to decision in R.M.A.R.A. Adaikappa Chettiar  v.  R.  Chandrasekhara  Thevar
(AIR 1948 PC 12) to contend that where a legal right is in dispute  and  the
ordinary courts of the country are seized of such dispute,  the  courts  are
governed by ordinary rules of procedure applicable  thereto  and  an  appeal
lies if authorised by such  rules,  notwithstanding  that  the  legal  right
claimed arises under a special stature which does  not  in  terms  confer  a
right of appeal. In R.M. Narayana Chettiar v. N. Lakshmanan Chettiar  (1991)
1 SCC 48, this Court has examined in detail the scope of Section 92 CPC  and
explained the object underlying therein in granting  permission  to  file  a
suit. In this case, this Court held that court should normally  give  notice
to the defendants before granting leave as a rule of caution  but  court  is
not bound to do so in all circumstances and  non-issuance  of  notice  would
not render the suit bad or non-maintainable and the defendants  can  at  any
time apply  for  revocation  of  the  leave,  and  provision  under  Section
104(1)(ffa) for appeal against refusal of grant of leave does not lead to  a
different conclusion. In the light of this decision, we do not  consider  it
necessary to advert to other decisions cited by the  learned  counsel.  More
so, the matter was considered by the Law Commission in its report  submitted
in April  1992  on  this  aspect  of  the  matter.  After  noticing  various
decisions of different courts and the decision  in  R.M.  Narayana  Chettiar
case the Law Commission recommended  that  to  expect  the  court  to  issue
notice and then to try the several points of detail  before  granting  leave
in the light of the objections  put  forth  by  the  respective  defendants,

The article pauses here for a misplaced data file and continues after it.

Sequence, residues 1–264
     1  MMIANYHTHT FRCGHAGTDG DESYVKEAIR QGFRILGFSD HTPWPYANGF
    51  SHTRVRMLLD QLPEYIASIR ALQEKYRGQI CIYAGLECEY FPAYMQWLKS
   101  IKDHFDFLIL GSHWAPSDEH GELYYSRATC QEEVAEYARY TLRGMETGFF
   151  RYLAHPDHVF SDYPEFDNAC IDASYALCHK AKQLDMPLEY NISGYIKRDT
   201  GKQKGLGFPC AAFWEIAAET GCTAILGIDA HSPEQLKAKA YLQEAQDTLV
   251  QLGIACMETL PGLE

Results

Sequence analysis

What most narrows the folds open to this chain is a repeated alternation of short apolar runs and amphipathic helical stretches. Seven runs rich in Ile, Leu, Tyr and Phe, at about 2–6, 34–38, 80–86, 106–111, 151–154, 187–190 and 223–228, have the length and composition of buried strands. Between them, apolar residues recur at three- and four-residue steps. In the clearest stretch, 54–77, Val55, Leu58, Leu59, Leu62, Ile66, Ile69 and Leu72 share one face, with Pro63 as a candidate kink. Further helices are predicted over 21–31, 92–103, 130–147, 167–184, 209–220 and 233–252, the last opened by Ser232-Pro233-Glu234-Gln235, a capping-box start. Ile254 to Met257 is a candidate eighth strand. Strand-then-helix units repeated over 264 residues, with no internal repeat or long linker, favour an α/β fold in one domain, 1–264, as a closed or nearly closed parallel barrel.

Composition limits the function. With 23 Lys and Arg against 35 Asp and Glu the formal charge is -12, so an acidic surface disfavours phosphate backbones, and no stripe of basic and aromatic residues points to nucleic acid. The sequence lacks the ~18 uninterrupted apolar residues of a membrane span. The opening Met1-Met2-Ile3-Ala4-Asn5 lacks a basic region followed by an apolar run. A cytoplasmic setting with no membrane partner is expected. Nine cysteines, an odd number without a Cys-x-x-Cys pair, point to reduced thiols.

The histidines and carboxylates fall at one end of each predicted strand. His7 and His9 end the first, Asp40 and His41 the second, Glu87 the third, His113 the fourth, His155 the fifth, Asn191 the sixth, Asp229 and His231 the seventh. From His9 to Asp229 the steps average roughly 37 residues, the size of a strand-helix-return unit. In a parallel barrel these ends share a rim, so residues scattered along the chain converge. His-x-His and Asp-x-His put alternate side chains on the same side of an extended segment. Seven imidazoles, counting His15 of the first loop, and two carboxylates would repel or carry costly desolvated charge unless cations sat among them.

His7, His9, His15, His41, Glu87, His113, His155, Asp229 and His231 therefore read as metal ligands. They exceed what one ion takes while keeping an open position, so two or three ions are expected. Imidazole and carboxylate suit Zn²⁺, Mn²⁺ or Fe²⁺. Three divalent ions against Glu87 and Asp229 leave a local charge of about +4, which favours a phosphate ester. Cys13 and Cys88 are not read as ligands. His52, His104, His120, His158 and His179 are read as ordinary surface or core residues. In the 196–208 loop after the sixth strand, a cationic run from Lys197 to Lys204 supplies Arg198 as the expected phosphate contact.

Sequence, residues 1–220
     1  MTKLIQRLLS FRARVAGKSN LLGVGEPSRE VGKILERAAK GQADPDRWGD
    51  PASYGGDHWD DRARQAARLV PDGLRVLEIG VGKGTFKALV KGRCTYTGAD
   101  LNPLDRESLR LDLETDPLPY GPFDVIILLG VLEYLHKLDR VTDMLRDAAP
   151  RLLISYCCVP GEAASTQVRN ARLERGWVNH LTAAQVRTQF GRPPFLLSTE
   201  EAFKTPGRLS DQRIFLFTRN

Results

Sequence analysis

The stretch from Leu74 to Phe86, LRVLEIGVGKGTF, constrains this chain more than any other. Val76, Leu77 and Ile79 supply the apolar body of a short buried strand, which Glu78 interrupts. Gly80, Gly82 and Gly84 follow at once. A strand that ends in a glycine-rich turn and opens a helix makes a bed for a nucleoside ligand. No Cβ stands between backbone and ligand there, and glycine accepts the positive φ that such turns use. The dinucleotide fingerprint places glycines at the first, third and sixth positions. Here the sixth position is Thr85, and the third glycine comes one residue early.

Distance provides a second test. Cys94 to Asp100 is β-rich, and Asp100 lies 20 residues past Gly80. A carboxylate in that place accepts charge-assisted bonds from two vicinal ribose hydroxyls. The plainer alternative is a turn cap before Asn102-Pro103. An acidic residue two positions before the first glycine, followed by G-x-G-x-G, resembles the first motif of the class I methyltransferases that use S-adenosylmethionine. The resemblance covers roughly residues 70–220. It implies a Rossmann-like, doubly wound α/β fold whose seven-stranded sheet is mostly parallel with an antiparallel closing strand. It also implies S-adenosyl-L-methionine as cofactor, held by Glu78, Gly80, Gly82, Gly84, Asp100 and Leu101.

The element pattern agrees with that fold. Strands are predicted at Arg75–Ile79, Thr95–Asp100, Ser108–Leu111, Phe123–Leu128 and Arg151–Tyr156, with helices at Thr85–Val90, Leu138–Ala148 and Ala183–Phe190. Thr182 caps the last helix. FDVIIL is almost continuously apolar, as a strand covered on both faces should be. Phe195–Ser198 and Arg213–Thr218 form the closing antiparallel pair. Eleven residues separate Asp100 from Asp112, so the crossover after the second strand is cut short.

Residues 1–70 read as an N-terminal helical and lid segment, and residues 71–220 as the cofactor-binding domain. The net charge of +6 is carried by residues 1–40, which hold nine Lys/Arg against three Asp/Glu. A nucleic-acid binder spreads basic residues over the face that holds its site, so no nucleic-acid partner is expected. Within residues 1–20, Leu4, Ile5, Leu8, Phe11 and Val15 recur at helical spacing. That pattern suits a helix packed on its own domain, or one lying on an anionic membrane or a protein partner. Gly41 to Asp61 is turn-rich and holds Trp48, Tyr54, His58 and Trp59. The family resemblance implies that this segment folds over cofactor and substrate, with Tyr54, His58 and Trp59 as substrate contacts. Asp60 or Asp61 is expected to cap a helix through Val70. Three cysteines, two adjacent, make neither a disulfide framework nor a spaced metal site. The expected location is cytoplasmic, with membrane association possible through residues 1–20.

would mean that there will be a trial before trial and  this  would  not  be
desirable. The recommendation of  the  Law  Commission  was,  therefore,  to
insert an explanation below Section 92 CPC to the effect that the court  may
grant leave under this section without issuing notice to any  other  person,
but this does not, of course, mean that the court  will  grant  leave  as  a
matter of course. Particular emphasis is made and heavy reliance  is  placed
on the decision of this Court in Shankarlal Aggarwala v.  Shankarlal  Poddar
(1964) 1 SCR  717,  to  emphasise  distinction  between  administrative  and
judicial orders. It is urged that order from which the appeal was  preferred
was not a judgment within the meaning of clause 15  of  the  Letters  Patent
and so no appeal lies to the  Division  Bench.  Reference  is  made  to  the
decision of this Court in Institute of Chartered  Accountants  of  India  v.
L.K.  Ratna  (1986)  4  SCC  537,   to   bring   out   distinction   between
administrative and judicial order. Scope of Section 92 CPC was  examined  in
Charan Singh v. Darshan Singh (1975) 1 SCC 298, where the whole case  turned
on the facts arising in that particular case.”

And lastly, it was opined by this Court in para No.9:

“…Although as a rule of caution, court should normally give  notice  to  the
defendants before granting leave under  the  said  section  to  institute  a
suit, the court is not bound to do so. If a suit is instituted on the  basis
of such leave, granted without notice to the defendants, the suit would  not
thereby be rendered bad in law or non-maintainable. Grant  of  leave  cannot
be regarded as defeating or even seriously  prejudicing  any  right  of  the
proposed  defendants  because  it  is  always  open  to  them  to  file   an
application for revocation of the leave which can be  considered  on  merits
and according to law or even in the course of suit which may be  established
that the suit does not fall within the scope of  Section  92  CPC.  In  that
view of the matter, we  do  not  think,  there  is  any  reason  for  us  to
interfere with the order made by the High Court”.


We have  noticed  that  the  trust  deed  was  executed  in  favour  of  the